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Report Of The Assault By The Boy Band Known As The Wanted



On Thursday, July 25th at noon, within seconds, I went from being a middle-aged slightly chubby university lecturer and poet, to a man bizarrely christened into the world of Boy Band mega-celebrity.  For, as the police report confirms, I was assaulted, that moment, by several members of The Wanted, famous bad boy antagonists to One Direction – and, as linked to manager Scooter Braun, tied into the heady milieu that also includes Justin Bieber, and his balcony-spitting entourage.  Cue their hit song “All Time Low”.

What I don’t want to do here is go over old, and stained ground, but to express my astonishment at just how privileged and above-it-all (literally) this celebrity culture is.  For, in a sort of grotesque re-run of Marie Antoinette, the “boys” seem to have decided to drench me with a bucket load of champagne as I nonchalantly passed beneath their window.

The undisputed facts of the case are this, according to the police report.  I was passing under their second floor window at the five star Marylebone Hotel, and they threw champagne on me.  Curiously, while the band admits group responsibility for the assault (the police officer called it “common assault”), none of them has actually individually admitted they held the dab hand that threw the Moet on the poet (as the phrase is going).  However, what struck me was not just the heavy volume of liquid, which thoroughly soaked my suit, but the attendant verbal abuse – they called me Barack Obama and made reference to having a gun and intending to use it.

It is a curious fact of English law that the police needn’t inform you of the identity of your assailants.  So, when, by three pm, I was sitting in a conference room at the luxury hotel, still wearing my damp clothes, and was interviewed by a constable, I still didn’t know who had done this to me, or why.  The officer was kind enough to tell me that the people who had done it (and who I subsequently identified) were in a “famous band”, but neither he nor anyone at the hotel would tell me who they were exactly.  As the officer refused to press charges, I was therefore left with no way to seek an apology or redress.

Many friends of mine have asked why the officer didn’t press charges, given the confession by the band.  Well, time and money, I suppose.  It didn’t seem a very serious assault to the constable.  Then again, he had not just returned from a funeral in Canada – nor had he been terrified by the threats, or the sudden dousing in a liquid (was it urine, spit, acid – for a few seconds, as it stung my eyes, who knew?).  A week later, I am still finding it hard to sleep.  I am also unable to walk under windows without cringing.  And I have stopped listening to popular music, something I used to love.  I am sad and confused.

I am mostly sad because on the Thursday, I offered my card to the Hotel Manager, and the police officer, and asked them to pass them on to the band, and their management (whose names I did not know).  I wanted an apology.  A week later, I have not received one directly from the band; a man from a company associated with them called on Sunday and described the event as “horrific”, and said the band would soon be in touch, to support a charity of my choice and apologise.  That never happened.  I can imagine The Wanted have moved on, as according to subsequent news stories, they have continued to be up to no good.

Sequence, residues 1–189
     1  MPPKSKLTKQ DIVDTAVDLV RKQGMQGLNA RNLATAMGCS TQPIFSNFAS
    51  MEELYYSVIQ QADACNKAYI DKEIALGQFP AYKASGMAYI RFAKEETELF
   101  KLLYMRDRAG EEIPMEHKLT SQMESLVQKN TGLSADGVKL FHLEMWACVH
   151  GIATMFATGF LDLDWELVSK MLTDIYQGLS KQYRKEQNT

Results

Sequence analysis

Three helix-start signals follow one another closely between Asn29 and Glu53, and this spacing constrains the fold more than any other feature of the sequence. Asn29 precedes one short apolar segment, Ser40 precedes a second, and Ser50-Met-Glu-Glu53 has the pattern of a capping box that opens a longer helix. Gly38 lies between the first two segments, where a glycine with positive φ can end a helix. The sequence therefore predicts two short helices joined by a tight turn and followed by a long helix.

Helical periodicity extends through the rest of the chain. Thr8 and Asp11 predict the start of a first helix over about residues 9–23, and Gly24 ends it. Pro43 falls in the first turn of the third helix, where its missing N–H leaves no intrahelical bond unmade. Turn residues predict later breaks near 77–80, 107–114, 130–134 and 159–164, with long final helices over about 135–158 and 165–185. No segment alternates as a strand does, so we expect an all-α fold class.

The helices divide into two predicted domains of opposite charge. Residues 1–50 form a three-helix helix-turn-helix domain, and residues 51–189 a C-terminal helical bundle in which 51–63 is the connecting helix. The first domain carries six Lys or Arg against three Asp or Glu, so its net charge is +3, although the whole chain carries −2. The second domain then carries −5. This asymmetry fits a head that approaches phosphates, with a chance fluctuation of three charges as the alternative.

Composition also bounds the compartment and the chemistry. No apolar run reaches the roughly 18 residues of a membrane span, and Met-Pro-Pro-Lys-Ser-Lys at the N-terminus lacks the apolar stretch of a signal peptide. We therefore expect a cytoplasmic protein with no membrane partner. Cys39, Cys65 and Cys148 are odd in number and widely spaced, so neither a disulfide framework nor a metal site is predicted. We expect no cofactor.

How much of this is intentional is a good question.  For while more narrowly speaking it is a bullying and nasty thing to do, to taunt an innocent passerby just because you are young, rich and presumably pissed, it is also part of the role that increasingly this and other bands are encouraged to play.  Once, such raucous actions were the domain of rock stars and punks.  It is true that crooners like Sinatra had their own hotel room adventures, but until recently, bands aimed at young teens have been more or less “clean”.  However, the Wanted’s TV show description mentions the “mischief” they are prone to.  And as we all know, Justin Bieber has been wearing gas masks and spitting on people, doing a sort of Britney.

The Sun ran the story of the incident on Tuesday, and took a light-hearted approach.  They ended with the joke the policeman had made at my expense – “at least they didn’t throw a TV on your head”.  True – for then I would be probably in a coma, or worse.  Instead, I have seen the story memed around the world on the net, spun and smoothed out into a curiously bland artifice, autotuned, as it were.  Now the incident is “alleged” (though it was admitted to and there were witnesses to my condition within seconds of the assault); now the bucket of liquid is a dainty, almost welcoming “glass of champagne”, and, most oddly, I think – their open window, which they had to lean out of, making quite an effort to humiliate the man on the street – has become a “balcony” – the story has been Bowdlerised and Bieberised.

For me the broader issue is one of consequences.  I am no stranger to drink, and when I was a young man, I did silly things in public too (though I was never interviewed by the police for anything I did) – however, I always apologised.  Even now, if I spill something accidentally on someone, I pay for their dry-cleaning.  But I am not a member of a band famous globally, managed, protected, insulated, shaped, and ultimately, misdirected, by a whole group of handlers, none of whom seems to think that what they’ve done is anything other than one more tabloid story to spin, like a record.

- Todd Swift is the editor of Eyewear.
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